The sacraments of the old covenant held the same purpose as the sacraments of the new covenant.  “They are testimonies of grace and salvation from the Lord, so from us in turn they are marks of profession, by which we openly swear allegiance to God, binding ourselves faithfully to him.”  Moreover, “They are covenants; for in them God promises to cancel and blot out any guilt and penalty contracted by us through our transgression, and reconcile us to himself in his only-begotten Son, so do we, in turn, bind ourselves to him by this profession, to pursue piety and innocence.”[16]  Before expounding upon his theological reasoning behind his advocacy of the baptismal liturgy for infants, Calvin explained the purpose of the baptismal sacrament and its effectuality for the believer.

John Calvin’s View of the Baptismal Sacrament   

John Calvin defined baptism as “the sign of the initiation by which we are received into the society of the church, in order that, engrafted in Christ, we may be reckoned among God’s children.”  As well, through baptism the believer publically professed that he or she wish to be numbered among God’s people.  Calvin noted that baptism in Scripture pointed to two things: first; the cleansing of our sins through Christ’s blood; and second, “the mortification of our flesh, which rests upon participation in his death in which believers are reborn into newness of life and into the fellowship of Christ.”  Believers through baptism obtained spiritual regeneration through being partaker’s of Christ’s death and resurrection.  “Being sanctified by the Spirit they are imbued with a new and spiritual nature . . . The Father is the cause, the son is the matter and the Spirit is the effect of our purgation and regeneration.”[17]  That cleansing and renewal was not a one moment in time benefit that cleansed only past sins so that there would be a continual need to find new cleansing remedies in other sacraments, but baptism signified cleansing for the whole life.[18]  The aforementioned, said Calvin, was firmly taught in Scripture.[19]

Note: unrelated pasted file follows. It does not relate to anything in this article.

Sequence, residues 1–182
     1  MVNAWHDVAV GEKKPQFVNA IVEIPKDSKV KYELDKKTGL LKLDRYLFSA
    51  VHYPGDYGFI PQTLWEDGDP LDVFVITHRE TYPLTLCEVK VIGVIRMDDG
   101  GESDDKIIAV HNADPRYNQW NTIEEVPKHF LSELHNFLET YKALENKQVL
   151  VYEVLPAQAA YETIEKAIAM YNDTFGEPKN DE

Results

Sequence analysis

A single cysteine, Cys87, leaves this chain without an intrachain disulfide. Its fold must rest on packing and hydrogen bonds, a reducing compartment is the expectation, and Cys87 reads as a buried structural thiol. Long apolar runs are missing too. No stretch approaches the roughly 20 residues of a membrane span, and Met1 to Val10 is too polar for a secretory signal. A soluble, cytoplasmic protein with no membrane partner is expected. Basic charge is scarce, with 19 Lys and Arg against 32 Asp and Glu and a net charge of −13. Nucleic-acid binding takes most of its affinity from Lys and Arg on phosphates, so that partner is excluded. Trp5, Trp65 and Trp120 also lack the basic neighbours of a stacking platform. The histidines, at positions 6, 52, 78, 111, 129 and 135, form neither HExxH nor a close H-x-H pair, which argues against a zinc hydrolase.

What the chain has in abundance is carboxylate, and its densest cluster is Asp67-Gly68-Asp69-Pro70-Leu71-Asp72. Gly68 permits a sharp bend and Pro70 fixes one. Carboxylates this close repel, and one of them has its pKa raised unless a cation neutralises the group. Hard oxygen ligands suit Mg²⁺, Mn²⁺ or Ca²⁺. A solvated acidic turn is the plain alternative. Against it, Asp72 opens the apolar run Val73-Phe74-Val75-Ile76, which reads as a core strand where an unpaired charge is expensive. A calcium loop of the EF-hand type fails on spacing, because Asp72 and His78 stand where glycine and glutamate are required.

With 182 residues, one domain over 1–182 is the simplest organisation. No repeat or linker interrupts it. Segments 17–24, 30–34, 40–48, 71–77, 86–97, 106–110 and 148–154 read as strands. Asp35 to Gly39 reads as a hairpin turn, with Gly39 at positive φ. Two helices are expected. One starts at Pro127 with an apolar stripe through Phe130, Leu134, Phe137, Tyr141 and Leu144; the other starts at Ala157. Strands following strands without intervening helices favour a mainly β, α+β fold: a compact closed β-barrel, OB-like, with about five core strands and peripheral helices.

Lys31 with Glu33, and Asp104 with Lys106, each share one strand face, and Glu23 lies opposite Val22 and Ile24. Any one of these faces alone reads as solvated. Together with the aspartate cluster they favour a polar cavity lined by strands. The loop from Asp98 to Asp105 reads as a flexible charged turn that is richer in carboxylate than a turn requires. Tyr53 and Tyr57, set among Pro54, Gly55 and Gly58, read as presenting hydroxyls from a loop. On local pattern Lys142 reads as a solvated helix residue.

Calvin believed that the outward washing of baptism meant nothing apart from faith in Christ and rebuked those who placed too much on the external sign.  He used several New Testament examples to demonstrate his sacramentology.  He recalled how Cornelius the centurion had already received forgiveness of sins and the visible graces of the Holy Spirit, but nevertheless was baptized.  That proved he exercised faith in God’s promises concerning the washing away of sins in baptism but did not prove, as some misguided interpretations asserted, that the water by the power of baptism washed away his sins (Acts 22:16).  Rather, Cornelius was baptized to be assured that his sins were forgiven.  “For the Lord promised forgiveness of sins in baptism; receive it, and be secure in the promise that he who believes and is baptized will be saved”[20] (Mark16:16).